I first heard the story of the Cottingley Fairies when I was a kid and watched the movie Fairy Tale: A True Story, which came out in the late 1990s. I’ve always found it a fascinating story, and I’m not the only one, as the story has cropped up again and again in the media over the last century.
So when I heard about the Treasures of the Brotherton temporary exhibition The Cottingley Fairies: A Study in Deception – I knew I had to see it!
If you’re not familiar with the story, you can find a post I wrote about the Cottingley Fairies here.
The gallery’s exhibition was curated by Dr Merrick Burrow from the University of Huddersfield, whose research interests cover Victorian and Edwardian literature. The exhibition utilises archival material from the University of Leeds Special Collection, and it was wonderful to see letters written by key players in the ‘fairy’ tale (pun intended!).
I have been fortunate enough to read letters written by Elsie (held at the West Yorkshire Archive Service, Bradford), so it was great to see more archival material including copies of the photographs and quite excitingly – a photographic negative. I’m no photography expert, but as the interpretation explains, “This is not the actual glass negative that Elsie took with her father’s Midg camera in 1917. It is a third-generation copy, “improved” by Snelling at Gardner’s request. This heavily treated negative is the one from which all of the published prints were taken. The whereabouts of the original negatives remains a mystery.” One of the camera’s used by Elsie and Frances was also available to view, on loan from the National Media Museum in Bradford.
The exhibition explores the making of the controversy, and the layers of deception involved. As Dr Burrow explains “the Cottingley fairies hoax was the result of unconscious collaboration. No single person set out to perpetrate fraud on a grand scale. But each of the people in the story contributed an important layer of deception, without properly understanding its effects or the actions of the others”.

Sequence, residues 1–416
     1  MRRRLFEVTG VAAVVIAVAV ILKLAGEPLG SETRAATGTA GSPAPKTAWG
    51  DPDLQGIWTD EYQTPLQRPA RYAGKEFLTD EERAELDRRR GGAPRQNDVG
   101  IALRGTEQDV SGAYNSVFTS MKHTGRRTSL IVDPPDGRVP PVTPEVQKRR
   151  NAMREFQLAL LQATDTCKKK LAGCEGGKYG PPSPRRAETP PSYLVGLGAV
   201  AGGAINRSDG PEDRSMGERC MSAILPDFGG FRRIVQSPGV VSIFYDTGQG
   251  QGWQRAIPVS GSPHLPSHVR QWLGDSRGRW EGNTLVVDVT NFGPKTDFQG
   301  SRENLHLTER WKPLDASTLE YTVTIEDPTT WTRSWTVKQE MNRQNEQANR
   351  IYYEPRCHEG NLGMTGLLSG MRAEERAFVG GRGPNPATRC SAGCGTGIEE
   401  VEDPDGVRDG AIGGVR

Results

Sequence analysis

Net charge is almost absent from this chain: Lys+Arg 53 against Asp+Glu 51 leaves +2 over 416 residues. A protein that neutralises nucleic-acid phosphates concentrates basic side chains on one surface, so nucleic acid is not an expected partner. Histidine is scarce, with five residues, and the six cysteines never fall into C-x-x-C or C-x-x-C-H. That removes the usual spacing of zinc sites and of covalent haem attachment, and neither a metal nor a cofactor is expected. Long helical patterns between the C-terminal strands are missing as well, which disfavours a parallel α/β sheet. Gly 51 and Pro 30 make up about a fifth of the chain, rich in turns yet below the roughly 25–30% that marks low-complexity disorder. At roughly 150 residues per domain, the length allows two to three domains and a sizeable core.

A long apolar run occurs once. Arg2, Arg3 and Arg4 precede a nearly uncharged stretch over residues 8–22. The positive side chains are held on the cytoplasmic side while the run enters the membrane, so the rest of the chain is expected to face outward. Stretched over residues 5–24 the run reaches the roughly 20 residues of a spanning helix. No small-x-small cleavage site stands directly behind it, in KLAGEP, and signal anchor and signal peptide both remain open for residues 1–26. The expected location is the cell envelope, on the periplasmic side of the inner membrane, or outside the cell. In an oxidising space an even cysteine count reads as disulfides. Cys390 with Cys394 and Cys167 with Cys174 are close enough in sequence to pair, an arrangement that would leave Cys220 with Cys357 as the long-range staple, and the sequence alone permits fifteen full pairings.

The exhibition explores how these photographs become a phenomenon, with a contextual look about the bigger debates on spiritualism that Edward Gardner and Arthur Conan Doyle were involved in at that time.
The exhibition is coming to an end so if you want to see it (and I highly recommend you do) it’s available until Thursday 17 November 2022. For more information on visiting the exhibition please go to the Leeds University Galleries website here.
Alongside Treasures of the Brotherton, the University of Leeds also has an art gallery, you can find out more about them in my previous blog post here.
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The Cottingley Fairies: A Study in Deception Exhibition Interpretation
Leeds University Galleries: https://library.leeds.ac.uk/events/event/1900/galleries/375/the-cottingley-fairies-a-study-in-deception